This has always been my explaination of why Conservative talk radio does so much better than liberal talk radio: Pounding your hand on the table and saying "this is right and this is wrong" is a whole lot sexier than saying "but what about this... and this... and this..."

Sorry I got long-winded here...

I don't think I've ever read an article about the shameful right-wing, anti-labor bias that dominates business schools. Havens for right-wing activism!

After representing my faculty union at the collective bargaining table for some time now, I feel confident in saying that it's never safe to make broad political claims about academics.

This is a right-to-work state, so people don't have to join the union that represents them. Many of the more outspoken "liberal" types prefer to freeload than to join and pay dues--which makes me wonder how "progressive" they are in the ballot box.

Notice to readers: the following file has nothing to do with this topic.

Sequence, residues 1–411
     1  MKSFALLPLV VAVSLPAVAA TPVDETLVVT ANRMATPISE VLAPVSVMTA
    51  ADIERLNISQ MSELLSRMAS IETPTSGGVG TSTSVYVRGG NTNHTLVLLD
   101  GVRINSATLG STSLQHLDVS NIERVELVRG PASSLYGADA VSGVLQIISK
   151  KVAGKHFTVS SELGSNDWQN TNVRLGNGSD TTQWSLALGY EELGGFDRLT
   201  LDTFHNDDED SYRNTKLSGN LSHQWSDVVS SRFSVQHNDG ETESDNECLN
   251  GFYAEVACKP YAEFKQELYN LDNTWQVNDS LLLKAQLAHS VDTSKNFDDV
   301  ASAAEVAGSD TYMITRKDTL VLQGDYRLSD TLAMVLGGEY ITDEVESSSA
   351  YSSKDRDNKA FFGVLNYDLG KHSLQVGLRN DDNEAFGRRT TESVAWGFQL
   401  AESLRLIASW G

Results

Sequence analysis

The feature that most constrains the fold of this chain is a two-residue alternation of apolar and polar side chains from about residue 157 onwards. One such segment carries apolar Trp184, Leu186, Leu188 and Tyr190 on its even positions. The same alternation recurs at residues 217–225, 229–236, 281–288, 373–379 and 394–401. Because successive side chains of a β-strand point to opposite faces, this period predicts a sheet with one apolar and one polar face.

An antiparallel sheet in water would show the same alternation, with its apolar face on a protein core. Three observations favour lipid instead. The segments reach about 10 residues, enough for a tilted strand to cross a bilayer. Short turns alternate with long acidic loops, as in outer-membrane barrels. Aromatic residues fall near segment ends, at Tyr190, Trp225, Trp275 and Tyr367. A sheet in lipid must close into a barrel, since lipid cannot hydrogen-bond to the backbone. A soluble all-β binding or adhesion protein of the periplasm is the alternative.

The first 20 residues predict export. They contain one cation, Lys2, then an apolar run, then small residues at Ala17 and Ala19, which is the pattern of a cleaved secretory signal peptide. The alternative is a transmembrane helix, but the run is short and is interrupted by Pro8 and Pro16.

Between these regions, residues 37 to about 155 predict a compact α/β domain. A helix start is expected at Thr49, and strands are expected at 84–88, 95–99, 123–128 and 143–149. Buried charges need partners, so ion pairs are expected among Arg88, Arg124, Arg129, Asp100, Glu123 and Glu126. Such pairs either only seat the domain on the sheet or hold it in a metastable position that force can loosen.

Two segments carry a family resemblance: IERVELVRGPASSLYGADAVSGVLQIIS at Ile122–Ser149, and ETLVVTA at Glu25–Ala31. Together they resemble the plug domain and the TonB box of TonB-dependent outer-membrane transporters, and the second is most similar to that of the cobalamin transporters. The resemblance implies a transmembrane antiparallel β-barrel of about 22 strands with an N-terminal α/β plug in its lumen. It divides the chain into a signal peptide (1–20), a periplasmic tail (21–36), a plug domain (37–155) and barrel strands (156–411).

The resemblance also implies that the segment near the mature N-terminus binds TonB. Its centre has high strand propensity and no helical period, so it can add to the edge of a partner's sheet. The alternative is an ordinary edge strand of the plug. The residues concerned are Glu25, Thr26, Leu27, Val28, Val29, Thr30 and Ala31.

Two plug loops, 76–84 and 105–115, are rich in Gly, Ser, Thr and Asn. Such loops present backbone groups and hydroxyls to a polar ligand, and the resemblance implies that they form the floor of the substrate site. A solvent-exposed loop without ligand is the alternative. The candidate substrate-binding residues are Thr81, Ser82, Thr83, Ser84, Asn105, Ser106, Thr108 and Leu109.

For one thing, there's a huge range of "liberalism" even in the more liberal departments. One of my untenured colleagues spoke out publicly against the decision of a student group to post an American flag in every classroom (funding donated by a very right-wing local radio host). He was quite concerned later, after he went up for tenure, that his colleagues would vote against him as a result, because not everyone agreed with his desire to speak out against the U.S. flag. (And the disagreement was for a wide variety of reasons, ranging from the guy's being Canadian to his "my flag, right or wrong.")